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The Exhibition of the Royal Academy, 1927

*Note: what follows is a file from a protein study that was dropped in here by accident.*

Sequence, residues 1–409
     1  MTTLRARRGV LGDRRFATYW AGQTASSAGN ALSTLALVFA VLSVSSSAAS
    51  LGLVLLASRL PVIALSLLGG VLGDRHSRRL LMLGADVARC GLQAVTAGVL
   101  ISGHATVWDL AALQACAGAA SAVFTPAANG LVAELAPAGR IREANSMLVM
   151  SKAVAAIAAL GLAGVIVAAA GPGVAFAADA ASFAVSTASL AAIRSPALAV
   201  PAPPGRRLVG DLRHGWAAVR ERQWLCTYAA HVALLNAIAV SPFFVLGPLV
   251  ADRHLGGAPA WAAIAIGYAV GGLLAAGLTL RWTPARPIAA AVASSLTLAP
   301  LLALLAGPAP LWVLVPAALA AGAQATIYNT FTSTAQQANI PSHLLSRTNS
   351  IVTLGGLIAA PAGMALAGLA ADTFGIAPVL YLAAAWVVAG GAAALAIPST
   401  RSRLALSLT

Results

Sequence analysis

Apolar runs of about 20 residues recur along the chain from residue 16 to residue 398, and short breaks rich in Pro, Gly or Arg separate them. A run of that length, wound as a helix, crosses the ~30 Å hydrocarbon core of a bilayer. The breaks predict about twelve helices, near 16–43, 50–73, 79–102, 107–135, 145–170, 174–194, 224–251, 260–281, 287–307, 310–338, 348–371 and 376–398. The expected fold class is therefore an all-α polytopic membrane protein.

PASSING through the eleven galleries, in which 738 selected oil paintings of the year are displayed, the attention of any student of Nature is due perhaps to landscapes and other out-of-door pictures in preference to portraits, genre, or still-life, and with the critical habit that clothes the orthodox scepticism of the scientific mind, his first instinct is to point out how his colleagues of the brush and palette have failed to appreciate the shapes and colours of natural objects of their common care. It is, however, permissible to reverse the order, and taking therepresentationsasreal (wherever possible), to gather what the artists have to tell us about Nature that ought to come within the thought of our philosophy. In this year's Academy there is a fine picture of crepuscular rays with layers of cloud, “The Coming and the Going”(319), by C. Conway Plumbe, quite a good subject for ameteorological lecture.

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